We've had Gold, Ceramic, Stainless Steel and Aluminium...why haven't we had Titanium?

jasoncordelle

macrumors regular
Original poster
Jan 29, 2008
154
145
Auckland NZ
So, I was thinking about the traditional watch industry and aside from some plastics, the main casing materials have been Steel, Gold, Ceramic and Titanium.

Makes me wonder what has stopped Apple from producing a Titanium Apple Watch...

Thoughts?
 

jazz1

macrumors 68000
Aug 19, 2002
1,833
456
Mid-West USA
So, I was thinking about the traditional watch industry and aside from some plastics, the main casing materials have been Steel, Gold, Ceramic and Titanium.

Makes me wonder what has stopped Apple from producing a Titanium Apple Watch...

Thoughts?
Is Titanium soft compaired to stainless?
 

Relentless Power

macrumors Nehalem
Jul 12, 2016
30,865
31,155
So, I was thinking about the traditional watch industry and aside from some plastics, the main casing materials have been Steel, Gold, Ceramic and Titanium.

Makes me wonder what has stopped Apple from producing a Titanium Apple Watch...

Thoughts?
I know many don’t think about this, but Apple invests a lot in the metals they use for their products, especially with the Apple Watch with the stainless and aluminum. If you think what it would cost for the R&D for a new metal for the Apple Watch, it’s probably significant, which would be likely priced somewhere around what the stainless model might cost, but the benefit being, it would be lighter than the stainless.

But what I would like to see, is a brushed titanium, that way if it does have any type of hairline scratches, it would hide it fairly well.
 

KarimLeVallois

macrumors 68020
Feb 22, 2014
2,138
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London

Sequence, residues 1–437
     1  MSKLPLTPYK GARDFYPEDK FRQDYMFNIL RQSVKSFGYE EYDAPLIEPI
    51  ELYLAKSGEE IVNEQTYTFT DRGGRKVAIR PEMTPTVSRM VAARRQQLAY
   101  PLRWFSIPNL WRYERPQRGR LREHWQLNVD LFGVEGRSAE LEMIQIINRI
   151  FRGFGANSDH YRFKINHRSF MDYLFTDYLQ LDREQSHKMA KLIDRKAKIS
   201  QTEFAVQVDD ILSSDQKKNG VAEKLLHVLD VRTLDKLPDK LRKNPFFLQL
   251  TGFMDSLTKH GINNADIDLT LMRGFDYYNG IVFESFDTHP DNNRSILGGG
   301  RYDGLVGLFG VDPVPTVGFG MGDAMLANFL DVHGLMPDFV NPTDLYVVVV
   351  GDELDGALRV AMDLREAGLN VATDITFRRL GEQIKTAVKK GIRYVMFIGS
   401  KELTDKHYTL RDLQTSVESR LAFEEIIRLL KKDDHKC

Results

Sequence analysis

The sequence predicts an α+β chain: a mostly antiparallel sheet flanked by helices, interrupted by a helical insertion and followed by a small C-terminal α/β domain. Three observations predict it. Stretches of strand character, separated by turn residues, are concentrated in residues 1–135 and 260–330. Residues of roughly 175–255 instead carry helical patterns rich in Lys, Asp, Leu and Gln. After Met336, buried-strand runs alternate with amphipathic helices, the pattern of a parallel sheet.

I know many don’t think about this, but Apple invests a lot in the metals they use for their products, especially with the Apple Watch with the stainless and aluminum. If you think what it would cost for the R&D for a new metal for the Apple Watch, it’s probably significant, which would be likely priced somewhere around what the stainless model might cost, but the benefit being, it would be lighter than the stainless.

But what I would like to see, is a brushed titanium, that way if it does have any type of hairline scratches, it would hide it fairly well.
Apple could take my money for a brushed titanium watch!
 

Newtons Apple

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Mar 12, 2014
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It would make the watch lighter for sure. I look at the Apple watches as near disposable as I replace every year or so, just what Apple wants us to do. While the Ti would hold up better cosmetically, what is the use when it is not worth putting a new battery in it after two years. Apple is well aware of the good and bad of titanium.
 
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jasoncordelle

macrumors regular
Original poster
Jan 29, 2008
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Auckland NZ
Apple is well aware of the good and bad of titanium.
With such an absolute statement, I assume you have insider knowledge of these things?
Titanium has been tried and rejected? Sampled and summarily dismissed?

Ti is just not Apple’s bag?

I just don’t think we can such make bold assumptions without being in the design and research team, to be honest.
 

ThunderSkunk

macrumors 68030
Dec 31, 2007
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Milwaukee Area
Well, Apple would immediately have to throw their environmentally conscious PR stance out the window.
Then they’d have to spend a lot more on materials cost and machining, unless they spent even more developing more sheetforming technology than the entire aerospace industry did with an unlimited budget for the better part of a century. To do it cost effectively at all, they’d end up using some crap grade 2 “commercially pure” garbage like they make suitcases and golf clubs out of, and at that point, you might as well just stick to aluminum alloys.